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Updates on Sri Lanka
31 Dec 2005
In June 2005, the Sri Lankan Foreign Ministry informed the CICC of the existence of a high level interministerial committee entrusted with making a recommendation on accession to the Rome Statute.

While supporting the general principles behind the establishment of the Rome Statute, Sri Lanka abstained from voting for the adoption of the Statute in Rome due to, among other things, the non-inclusion of terrorism, money-laundering, trafficking and similar crimes of concern to small island nations. In addition, questions about the practical application of the principle of complementarity, and the treatment of non-state actors by the ICC remain concerns for the Sri Lankan government.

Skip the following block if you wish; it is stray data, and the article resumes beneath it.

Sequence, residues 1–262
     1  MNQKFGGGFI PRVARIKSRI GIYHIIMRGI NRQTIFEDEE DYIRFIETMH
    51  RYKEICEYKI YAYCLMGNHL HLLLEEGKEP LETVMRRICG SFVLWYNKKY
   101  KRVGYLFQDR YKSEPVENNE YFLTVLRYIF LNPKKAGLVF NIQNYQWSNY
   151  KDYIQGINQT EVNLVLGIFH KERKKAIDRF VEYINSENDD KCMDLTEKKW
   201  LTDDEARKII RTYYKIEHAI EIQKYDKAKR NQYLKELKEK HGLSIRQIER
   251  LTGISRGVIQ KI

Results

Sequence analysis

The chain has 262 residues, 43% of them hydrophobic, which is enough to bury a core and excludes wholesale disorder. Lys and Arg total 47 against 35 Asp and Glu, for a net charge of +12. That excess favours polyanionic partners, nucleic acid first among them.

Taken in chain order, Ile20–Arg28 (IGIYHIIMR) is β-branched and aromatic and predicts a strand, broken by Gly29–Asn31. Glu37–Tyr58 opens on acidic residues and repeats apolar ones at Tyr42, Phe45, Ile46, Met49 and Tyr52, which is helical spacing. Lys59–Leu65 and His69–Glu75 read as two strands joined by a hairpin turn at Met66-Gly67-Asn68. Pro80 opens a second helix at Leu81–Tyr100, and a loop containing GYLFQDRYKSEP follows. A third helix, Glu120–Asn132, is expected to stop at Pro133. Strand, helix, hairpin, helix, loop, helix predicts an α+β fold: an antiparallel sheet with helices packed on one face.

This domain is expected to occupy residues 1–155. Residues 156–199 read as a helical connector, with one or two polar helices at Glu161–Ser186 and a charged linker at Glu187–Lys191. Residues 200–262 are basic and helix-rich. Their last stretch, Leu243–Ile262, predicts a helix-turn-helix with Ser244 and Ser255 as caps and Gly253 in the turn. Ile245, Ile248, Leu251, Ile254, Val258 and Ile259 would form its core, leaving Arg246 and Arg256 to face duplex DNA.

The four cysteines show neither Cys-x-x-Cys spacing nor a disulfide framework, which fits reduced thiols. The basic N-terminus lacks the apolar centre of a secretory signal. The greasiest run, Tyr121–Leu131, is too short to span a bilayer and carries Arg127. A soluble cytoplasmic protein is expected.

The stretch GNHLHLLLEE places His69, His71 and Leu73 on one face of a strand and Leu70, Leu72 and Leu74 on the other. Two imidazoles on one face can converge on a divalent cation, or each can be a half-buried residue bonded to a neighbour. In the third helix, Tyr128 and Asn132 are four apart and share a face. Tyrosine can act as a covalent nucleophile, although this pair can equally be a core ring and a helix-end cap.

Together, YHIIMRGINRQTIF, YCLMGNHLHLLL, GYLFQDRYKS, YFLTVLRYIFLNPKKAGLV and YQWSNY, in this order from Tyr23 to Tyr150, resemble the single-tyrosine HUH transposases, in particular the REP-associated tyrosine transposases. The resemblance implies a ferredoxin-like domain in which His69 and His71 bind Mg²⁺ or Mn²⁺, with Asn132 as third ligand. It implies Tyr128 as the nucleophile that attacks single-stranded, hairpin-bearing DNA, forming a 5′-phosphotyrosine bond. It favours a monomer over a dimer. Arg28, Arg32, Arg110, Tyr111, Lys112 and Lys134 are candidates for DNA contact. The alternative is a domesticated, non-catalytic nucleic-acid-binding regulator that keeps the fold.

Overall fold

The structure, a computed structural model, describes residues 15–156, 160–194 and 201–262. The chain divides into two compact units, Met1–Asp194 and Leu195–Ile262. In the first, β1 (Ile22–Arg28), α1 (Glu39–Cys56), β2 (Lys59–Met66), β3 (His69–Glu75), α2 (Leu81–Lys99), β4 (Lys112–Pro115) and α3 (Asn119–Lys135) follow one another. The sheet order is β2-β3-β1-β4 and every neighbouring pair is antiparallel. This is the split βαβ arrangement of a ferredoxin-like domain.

The two decade long civil war in Sri Lanka has been on hold since 2002, under a ceasefire agreement signed between the government and the LTTE (Liberation Tigers of Tamil Eelam). While grave crimes committed prior to Sri Lanka's accession to the Rome Statute would not come under the jurisdiction of the ICC, the government remains sensitive to the political implications of accession. Civil society groups and human rights activists continue to call for accession to the ICC as a means of strengthening the peace process and ensuring an end to impunity for grave rights abuses, especially recruitment of child soldiers.